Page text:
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Review: ‘Frozen 2’ from a feminist’s perspective

Featuring the voices of Idina Menzel, Kristen Bell, Jonathan Groff and Josh Gad, “Frozen 2” opened in U.S. theaters Nov. 22. (Image courtesy of Walt Disney Studios)

The warm aroma of buttered popcorn and the screams of excited young girls wearing various Anna and Elsa paraphernalia surrounded me as I sat in my uncomfortable movie seat, ready to watch the second installment to one of the highest grossing animated films of all time.

I laughed at all the jokes, cried at all the tender moments, and cheered when they all lived happily ever after. But one thing really stood out to me about the film: female empowerment.

Disney doesn’t necessarily have the best track record of strong female characters. For example, Ariel gave up her voice for the chance to be with a man in “The Little Mermaid.”

In almost every film, the archetypal prince rides in on his shining horse to save the day — literally.

When I was young, this was the image of Disney princesses I had. Without even thinking about it, I had grown accustomed to assuming the princess would always be rescued by the prince.

Of course, the first “Frozen” (2012) film broke boundaries, featuring sibling love instead of romantic love. But something was even more special about “Frozen 2.”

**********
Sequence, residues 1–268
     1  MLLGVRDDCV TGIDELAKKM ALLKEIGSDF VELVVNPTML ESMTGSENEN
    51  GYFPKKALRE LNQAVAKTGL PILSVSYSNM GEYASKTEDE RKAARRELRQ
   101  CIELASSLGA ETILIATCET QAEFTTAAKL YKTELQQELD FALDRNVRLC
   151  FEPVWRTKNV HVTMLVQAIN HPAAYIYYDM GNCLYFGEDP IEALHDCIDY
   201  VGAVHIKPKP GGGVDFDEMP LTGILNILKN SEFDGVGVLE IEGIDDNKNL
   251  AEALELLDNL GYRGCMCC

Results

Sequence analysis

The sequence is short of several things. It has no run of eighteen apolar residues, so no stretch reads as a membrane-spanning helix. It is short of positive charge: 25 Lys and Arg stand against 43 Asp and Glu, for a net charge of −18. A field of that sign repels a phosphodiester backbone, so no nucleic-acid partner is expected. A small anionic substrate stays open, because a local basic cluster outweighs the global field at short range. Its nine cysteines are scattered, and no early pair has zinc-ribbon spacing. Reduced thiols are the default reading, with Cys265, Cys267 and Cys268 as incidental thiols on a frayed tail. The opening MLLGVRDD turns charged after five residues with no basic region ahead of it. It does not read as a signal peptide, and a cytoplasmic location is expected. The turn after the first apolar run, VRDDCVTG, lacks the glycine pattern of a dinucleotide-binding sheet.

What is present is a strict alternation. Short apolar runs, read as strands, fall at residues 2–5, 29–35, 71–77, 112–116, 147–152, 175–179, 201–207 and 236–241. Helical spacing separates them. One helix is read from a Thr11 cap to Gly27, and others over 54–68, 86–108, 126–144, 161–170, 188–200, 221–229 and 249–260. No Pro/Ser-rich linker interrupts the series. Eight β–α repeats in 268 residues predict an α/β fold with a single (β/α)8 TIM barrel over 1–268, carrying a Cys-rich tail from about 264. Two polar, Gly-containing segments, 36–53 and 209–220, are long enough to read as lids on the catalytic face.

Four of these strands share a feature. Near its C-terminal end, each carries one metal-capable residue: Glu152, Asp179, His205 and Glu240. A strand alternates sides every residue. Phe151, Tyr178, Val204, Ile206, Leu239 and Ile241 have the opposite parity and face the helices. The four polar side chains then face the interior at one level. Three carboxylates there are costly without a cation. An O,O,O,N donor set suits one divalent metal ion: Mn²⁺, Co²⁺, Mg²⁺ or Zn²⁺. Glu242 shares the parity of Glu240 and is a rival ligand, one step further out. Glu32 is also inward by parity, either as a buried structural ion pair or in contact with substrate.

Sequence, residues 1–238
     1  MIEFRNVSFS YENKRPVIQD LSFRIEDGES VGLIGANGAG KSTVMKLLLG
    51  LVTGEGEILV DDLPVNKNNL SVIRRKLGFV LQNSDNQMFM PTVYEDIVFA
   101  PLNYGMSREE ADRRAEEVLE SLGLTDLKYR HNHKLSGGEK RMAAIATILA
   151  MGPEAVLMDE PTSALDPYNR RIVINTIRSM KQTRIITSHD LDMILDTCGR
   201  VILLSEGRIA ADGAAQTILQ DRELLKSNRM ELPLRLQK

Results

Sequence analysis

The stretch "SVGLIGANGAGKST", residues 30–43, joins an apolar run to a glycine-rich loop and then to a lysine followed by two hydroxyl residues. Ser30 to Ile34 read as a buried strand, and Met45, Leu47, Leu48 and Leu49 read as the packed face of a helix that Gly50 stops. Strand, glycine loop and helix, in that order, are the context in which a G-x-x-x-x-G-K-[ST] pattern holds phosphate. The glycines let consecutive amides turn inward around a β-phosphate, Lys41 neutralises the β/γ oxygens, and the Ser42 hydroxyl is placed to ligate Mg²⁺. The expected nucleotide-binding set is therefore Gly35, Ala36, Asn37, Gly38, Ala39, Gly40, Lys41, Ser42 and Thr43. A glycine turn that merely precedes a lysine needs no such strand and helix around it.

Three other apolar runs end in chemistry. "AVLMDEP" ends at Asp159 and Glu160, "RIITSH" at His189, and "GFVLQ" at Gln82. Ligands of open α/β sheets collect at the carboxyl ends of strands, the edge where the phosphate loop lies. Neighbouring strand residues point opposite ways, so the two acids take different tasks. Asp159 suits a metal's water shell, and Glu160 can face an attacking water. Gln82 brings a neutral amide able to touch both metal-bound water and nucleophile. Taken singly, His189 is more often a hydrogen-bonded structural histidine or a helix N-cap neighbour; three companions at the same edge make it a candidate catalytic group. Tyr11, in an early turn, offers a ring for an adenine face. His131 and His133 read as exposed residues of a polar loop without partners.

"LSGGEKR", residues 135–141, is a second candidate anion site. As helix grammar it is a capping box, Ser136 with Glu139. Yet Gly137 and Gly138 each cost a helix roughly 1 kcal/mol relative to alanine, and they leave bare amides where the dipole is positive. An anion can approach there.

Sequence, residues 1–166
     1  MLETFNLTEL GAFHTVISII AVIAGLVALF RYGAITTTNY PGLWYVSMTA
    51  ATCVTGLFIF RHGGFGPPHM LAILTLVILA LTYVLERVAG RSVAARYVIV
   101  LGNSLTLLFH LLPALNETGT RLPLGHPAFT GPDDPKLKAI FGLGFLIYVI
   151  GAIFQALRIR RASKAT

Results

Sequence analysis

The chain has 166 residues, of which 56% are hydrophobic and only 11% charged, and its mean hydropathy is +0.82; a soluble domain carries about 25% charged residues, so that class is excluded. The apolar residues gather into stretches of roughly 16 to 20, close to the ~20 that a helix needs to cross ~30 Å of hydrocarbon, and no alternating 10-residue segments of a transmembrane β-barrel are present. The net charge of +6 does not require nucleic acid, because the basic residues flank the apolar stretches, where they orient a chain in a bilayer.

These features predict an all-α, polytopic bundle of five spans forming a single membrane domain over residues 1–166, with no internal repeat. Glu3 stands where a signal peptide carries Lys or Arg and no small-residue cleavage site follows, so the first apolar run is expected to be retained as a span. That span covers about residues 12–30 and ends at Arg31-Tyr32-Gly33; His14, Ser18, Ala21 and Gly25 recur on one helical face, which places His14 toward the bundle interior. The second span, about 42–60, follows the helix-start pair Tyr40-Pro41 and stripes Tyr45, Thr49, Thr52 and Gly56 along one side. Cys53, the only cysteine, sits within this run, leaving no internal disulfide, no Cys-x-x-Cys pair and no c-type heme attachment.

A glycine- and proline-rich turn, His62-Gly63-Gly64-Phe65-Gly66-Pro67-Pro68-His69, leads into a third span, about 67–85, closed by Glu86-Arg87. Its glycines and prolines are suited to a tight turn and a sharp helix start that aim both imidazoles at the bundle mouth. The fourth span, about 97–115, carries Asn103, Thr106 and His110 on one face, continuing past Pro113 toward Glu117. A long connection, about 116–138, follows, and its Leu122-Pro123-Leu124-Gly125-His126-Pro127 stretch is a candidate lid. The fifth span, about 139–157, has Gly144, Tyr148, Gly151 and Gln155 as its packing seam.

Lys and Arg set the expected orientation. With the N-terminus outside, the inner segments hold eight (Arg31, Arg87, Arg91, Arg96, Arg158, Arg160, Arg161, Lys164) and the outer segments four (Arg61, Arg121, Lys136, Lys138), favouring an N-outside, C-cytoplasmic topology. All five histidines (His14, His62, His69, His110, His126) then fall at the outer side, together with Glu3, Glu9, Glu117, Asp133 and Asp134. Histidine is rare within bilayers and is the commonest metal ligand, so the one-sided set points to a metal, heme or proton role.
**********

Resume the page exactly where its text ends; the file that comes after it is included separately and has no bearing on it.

(Minor spoilers ahead!)

At the very climax of the film, it seems as though all is lost and no one will be able to fix the disaster that the world has come to. Then, off from the horizon, Elsa is shown riding a horse (a horse made of water, to say the least). After her dramatic entrance, she manages to save Arendelle from destruction.

As I watched the high point of the movie play out, goosebumps covered my arms as my brain flashed to the scene in “Sleeping Beauty” that highly resembled this one, and I almost wanted to cry. Instead of Prince Phillip fighting the dragon, Elsa was fighting her own metaphorical dragons.

My heart grows full to think of the little girls in the audience who will watch this film and know that they can save themselves. When the film finished, I heard a little girl behind me say, “Mom, I can do anything just like Elsa.”

For those who say movies like these are just dumb, childish fantasies, I challenge you to tell that little girl that Elsa means nothing in real life.

Whether you like it or not, children’s movies have a large effect on the way our children perceive the world, and I applaud Disney for empowering that little girl to do anything, just like Elsa.

“Frozen 2” is now playing in theaters.

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